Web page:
There's more to go horse jumping a fence than meets the eye.
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By Bob Gaydos
I have recently taken a brief break from writing, well, just because. It helped. For one thing, I learned that if you can turn your gaze away from the chaos of the day, even briefly, sometimes life can be amazing. For example, you know what's amazing? Watermelon. Watermelon's amazing.
Think about it. It is sweet, juicy, virtually free of calories and is loaded with nutrients, including Vitamin C and lycopene, a combination that, the science suggests, may fight off cancer, heart problems, macular degeneration, inflammation and cell damage, while protecting your skin and hair. Also, being mostly water with a little fiber, it's good for digestive health. You can eat it or drink it, it grows anywhere that it's not too frigid and if you binge on it, it's a terrific diuretic. Yum today, gone tomorrow.
Amazing. Who thought of this?
Well, we don't really know. It was just kind of here, like a lot of other stuff, just waiting to be discovered, apparently in West Africa, from which it spread to Egypt, India and by the 10th century, China, which is today's largest producer of watermelon. Europeans brought it to the New World in the 16th century and the Japanese, to the dismay of seed-spitters, developed a seedless variety in 1939. Today, there's a watermelon variety for every palate or picnic.
One more bit of watermelon trivia: In 2007, the Oklahoma State Senate declared watermelon the official state vegetable, although the rest of the world considers it to be a fruit. Oh, Oklahoma.
But the point here is that this fruit grows abundantly, is both delicious and healthful and has virtually no significant risks associated with it. It's like someone left us a gift and hoped we would find and appreciate it: You're going to need and enjoy this, earthlings. Until recently--well, just now--I hardly gave it a thought. But no more. Go ahead, I know the season's about over, but find one and take a bite.
You know what else is amazing? Benford's Law. In fact, it is mind-numbingly amazing, in my humble opinion. It's also called the Newcomb-Benford law, the law of anomalous numbers, or the first-digit law. By any name, it's well, you know.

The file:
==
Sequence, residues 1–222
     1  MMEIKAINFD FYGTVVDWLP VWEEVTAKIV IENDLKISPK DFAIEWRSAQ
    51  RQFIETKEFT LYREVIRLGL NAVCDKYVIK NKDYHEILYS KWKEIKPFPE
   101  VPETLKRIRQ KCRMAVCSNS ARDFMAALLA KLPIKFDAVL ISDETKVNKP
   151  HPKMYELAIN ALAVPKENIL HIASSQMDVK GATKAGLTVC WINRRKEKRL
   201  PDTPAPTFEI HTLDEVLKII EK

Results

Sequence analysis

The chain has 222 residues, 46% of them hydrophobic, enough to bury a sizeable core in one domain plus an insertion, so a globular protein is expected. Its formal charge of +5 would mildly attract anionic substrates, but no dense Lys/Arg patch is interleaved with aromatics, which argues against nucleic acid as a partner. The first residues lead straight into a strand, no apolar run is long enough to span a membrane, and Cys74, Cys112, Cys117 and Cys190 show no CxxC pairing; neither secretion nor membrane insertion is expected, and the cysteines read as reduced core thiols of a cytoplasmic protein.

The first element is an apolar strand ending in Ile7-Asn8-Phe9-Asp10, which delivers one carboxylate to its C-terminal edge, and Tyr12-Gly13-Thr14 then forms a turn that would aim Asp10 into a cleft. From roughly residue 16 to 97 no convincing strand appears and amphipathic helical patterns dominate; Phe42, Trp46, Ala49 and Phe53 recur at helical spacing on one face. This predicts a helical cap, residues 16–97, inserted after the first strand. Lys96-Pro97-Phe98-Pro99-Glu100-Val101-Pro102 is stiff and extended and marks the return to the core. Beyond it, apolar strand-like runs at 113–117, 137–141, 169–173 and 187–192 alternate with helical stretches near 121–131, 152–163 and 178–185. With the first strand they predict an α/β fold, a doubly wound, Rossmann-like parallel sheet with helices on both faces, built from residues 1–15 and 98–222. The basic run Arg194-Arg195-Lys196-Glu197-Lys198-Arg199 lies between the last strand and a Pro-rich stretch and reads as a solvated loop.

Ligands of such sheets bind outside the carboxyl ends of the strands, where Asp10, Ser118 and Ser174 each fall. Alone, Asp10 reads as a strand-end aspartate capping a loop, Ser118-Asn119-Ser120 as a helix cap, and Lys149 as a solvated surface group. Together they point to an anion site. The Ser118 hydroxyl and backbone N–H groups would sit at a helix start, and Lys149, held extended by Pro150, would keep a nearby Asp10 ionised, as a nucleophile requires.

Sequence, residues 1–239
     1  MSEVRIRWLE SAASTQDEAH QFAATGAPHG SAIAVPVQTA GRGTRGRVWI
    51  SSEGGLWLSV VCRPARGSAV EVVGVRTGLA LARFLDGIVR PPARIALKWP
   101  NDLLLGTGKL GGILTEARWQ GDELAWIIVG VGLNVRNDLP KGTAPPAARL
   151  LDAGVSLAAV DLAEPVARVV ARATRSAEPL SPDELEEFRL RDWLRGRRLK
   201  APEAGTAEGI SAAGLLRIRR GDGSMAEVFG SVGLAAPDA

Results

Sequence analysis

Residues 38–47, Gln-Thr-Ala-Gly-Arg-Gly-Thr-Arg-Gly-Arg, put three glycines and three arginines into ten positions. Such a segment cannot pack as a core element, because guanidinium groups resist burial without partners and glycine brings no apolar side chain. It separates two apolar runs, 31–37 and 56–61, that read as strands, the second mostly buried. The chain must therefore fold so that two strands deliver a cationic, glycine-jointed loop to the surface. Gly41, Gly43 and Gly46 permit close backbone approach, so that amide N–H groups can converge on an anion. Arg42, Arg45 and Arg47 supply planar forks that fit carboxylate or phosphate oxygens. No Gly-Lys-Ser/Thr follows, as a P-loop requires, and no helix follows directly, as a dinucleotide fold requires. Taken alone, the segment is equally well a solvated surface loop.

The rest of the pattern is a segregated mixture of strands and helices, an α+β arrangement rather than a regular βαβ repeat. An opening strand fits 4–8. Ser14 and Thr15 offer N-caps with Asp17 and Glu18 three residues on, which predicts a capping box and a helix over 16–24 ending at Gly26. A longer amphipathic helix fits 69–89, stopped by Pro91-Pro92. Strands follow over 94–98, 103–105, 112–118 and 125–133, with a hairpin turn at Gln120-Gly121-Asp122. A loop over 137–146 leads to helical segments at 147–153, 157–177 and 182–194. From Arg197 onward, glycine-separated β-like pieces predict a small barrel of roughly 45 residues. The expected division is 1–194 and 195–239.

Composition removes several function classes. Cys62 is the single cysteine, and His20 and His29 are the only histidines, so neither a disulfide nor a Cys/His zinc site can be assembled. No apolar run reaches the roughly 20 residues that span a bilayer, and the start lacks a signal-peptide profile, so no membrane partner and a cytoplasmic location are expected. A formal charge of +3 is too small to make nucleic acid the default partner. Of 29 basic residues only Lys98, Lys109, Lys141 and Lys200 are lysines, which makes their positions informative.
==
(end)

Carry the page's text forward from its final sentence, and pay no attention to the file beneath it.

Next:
As simply as I can explain for the non-mathematicians or non-accountants (like me) out there, the law states that in naturally occurring sizable groups of numbers, be it dollars in a budget, acres, heights of mountains, populations, street addresses or stock prices, the first number of each entry is likely to be 1 about 30 per cent of the time, while 9 is the leading number only about 5 percent of the time. And, the frequency moves downward from 1 to 9 in a predictable curve. This happens all the time, unless the sample is too small or there are restrictions in the collection, such as the height of basketball players (5 to 7 being the range).
In practical terms, this means it's possible to determine if someone is cooking the books, the natural tendency of humans being to distribute numbers randomly, with each number having an equal chance of lead status. The law has been admitted in criminal-fraud cases at local, state and federal levels. The IRS must use because it won't even comment on it. A recent study of reported COVID-19 cases indicated that results from Italy, Portugal, Netherlands, United Kingdom, Denmark, Belgium and Chile are suspicious, because the numbers don't match the Benford Curve.
I learned about this amazing law from the Netflix series, "Connected", which I recommend for those who like their science approachable and with a little humor. It turns out the law had a leading role in another Netflix series, "Ozark", in which it was used to detect fraud in a cartel financial statement. And in the 2016 movie, "The Accountant", Ben Affleck uses it to expose the theft of funds from a robotics company.
So I'm really late to the game on this one. But that doesn't make it any less amazing that, in the seemingly randomness of our numbers-crazy society, someone/thing/power has provided order, if we only know where to look for it. Physicist Frank Benford knew where to look in 1938 when he did an extensive test of the phenomenon first noted by astronomer/mathematician Simon Newcomb in 1838. Newcomb noted that the early pages in a book of algorithms were used much more often than the later pages. Benford took Newcomb's observation and gave it meaning.
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